from_the_west: ([mac lugh] lilimin-deamhan's child)
[personal profile] from_the_west
...annnd switching gears. one of 3 requests for stone and lilimin.

****

"Oh Frigga." He gasped--they were far enough above the waves that she heard him clearly, and then a whispered curse that was also a fervent prayer, and the distressed groan after that. She looked down at the boy that was clinging to the cliff-face in the grip of an inexplicable terror. Only the lower half of his face was visible beneath the brim of his hat; his chin and nose, and she could see the thin film of sweat on his upper lip and collecting along straining forearms bared by his rolled-up sleeves, with eyes as sharp as her hearing.



The earlier comments were followed up by a shaky chant of "Don't look, don't look, don't look--Aw, fuck, my hat!" As it was whipped away by the wind. Even more curious, as clearly he didn't care to lose it in that manner, tá? So why didn't he make it stop? She left her perch, swooped down and caught the hat in her talons, and swept back, shifting as she went, hovering at his level, her wings spread and the wind tossing her hair, and then sweeping the mostly translucent layers of brown and gray against her otherwise bare legs and feet a moment, before easing to let the gown billow around her.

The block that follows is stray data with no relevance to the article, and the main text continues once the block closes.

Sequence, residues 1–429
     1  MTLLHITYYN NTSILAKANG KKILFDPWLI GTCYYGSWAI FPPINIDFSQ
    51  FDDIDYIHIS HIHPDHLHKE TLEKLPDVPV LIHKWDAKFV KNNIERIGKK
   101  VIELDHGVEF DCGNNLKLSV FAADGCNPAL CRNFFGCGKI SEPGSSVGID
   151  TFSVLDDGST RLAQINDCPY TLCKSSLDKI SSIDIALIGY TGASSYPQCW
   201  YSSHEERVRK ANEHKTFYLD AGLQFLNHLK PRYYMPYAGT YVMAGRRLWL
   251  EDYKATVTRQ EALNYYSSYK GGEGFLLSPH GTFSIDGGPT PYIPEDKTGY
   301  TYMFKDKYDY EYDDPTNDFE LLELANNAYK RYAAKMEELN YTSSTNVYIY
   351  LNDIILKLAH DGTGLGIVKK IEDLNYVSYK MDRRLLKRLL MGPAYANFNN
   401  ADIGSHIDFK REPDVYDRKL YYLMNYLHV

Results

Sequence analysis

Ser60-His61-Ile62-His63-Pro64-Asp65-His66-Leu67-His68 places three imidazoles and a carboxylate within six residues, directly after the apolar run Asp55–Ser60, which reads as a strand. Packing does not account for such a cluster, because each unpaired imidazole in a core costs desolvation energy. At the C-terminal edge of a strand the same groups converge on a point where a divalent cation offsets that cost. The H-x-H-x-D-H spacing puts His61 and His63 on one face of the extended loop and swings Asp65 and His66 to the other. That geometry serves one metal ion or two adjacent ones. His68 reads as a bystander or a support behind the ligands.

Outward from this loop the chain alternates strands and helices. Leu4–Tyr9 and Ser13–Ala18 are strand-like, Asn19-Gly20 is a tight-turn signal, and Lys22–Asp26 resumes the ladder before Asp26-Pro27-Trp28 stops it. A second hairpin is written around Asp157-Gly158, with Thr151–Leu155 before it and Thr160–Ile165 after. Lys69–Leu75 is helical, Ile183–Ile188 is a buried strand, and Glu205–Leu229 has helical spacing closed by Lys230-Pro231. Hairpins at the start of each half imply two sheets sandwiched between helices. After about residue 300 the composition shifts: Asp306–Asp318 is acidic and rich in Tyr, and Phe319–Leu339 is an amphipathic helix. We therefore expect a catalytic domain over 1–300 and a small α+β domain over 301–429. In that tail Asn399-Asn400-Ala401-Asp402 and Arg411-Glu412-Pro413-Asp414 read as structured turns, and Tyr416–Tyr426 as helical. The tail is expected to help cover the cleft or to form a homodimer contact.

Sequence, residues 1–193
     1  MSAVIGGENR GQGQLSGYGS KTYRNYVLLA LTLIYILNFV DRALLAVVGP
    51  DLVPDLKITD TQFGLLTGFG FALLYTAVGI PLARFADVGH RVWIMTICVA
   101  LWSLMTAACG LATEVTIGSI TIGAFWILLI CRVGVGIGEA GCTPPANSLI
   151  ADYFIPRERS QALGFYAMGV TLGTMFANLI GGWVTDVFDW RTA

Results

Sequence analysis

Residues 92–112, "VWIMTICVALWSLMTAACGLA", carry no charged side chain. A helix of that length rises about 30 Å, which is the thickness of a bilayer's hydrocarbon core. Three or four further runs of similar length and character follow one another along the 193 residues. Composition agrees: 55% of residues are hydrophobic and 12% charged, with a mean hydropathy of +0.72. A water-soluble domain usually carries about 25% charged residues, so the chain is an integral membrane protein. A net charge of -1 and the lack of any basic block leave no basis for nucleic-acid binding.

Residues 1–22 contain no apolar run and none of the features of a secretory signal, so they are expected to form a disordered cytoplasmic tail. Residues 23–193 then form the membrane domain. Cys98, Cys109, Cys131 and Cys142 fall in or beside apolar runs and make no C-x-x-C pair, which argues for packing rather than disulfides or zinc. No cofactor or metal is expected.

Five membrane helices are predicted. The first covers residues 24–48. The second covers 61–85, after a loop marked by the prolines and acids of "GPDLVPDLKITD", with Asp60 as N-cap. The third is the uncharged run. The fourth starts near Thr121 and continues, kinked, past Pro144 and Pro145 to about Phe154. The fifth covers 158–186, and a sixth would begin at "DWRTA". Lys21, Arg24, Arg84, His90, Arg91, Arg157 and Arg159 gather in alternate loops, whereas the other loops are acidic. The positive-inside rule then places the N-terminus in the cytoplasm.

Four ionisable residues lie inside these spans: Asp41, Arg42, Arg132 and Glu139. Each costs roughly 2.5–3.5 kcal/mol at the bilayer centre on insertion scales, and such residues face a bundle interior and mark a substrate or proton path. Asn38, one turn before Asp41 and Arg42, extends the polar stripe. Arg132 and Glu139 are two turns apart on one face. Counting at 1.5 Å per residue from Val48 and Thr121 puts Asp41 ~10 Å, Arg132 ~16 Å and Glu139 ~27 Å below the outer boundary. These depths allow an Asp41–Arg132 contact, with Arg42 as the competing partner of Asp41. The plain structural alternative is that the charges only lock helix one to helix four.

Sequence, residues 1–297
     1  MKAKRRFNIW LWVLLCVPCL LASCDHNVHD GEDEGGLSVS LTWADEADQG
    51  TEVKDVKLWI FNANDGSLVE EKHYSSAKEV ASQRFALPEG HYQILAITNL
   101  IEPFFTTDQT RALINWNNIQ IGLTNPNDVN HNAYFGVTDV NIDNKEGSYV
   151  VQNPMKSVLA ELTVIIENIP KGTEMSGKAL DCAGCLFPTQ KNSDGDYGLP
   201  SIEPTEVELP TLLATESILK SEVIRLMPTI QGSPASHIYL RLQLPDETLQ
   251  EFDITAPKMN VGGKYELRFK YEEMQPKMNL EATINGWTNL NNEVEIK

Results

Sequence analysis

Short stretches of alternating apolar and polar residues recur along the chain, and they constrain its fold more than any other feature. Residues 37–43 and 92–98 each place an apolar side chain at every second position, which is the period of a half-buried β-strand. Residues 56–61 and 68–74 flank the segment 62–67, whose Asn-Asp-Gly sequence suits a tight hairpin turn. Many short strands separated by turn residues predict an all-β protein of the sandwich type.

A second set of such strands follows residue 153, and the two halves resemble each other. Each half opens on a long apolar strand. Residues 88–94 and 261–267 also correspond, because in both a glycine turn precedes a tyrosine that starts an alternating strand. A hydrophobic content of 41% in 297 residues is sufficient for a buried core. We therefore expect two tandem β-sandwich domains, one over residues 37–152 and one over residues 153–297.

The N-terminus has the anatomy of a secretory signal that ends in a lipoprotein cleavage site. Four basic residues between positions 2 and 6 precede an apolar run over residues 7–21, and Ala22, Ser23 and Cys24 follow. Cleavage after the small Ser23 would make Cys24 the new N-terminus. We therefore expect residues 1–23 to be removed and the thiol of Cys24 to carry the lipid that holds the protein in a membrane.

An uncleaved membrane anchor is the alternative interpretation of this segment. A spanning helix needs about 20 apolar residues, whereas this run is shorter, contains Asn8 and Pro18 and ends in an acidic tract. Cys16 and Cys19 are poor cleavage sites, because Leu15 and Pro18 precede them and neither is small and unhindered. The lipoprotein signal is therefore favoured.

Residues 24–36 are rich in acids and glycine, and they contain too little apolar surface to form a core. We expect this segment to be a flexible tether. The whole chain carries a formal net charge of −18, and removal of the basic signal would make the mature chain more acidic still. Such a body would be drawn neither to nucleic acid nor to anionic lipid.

He stared at her. She took the moment to admire the striking green of his eyes. "How'd you talk me into this again?" He asked.

"I didn't, nil hea. I don't think I did? I asked and you said, yes, and then you followed me. If you didn't want to, you should have said otherwise." She helpfully reached over and tried to set his hat back upon his rumpled blond hair.

"Jus' hold on to it for me, okay?"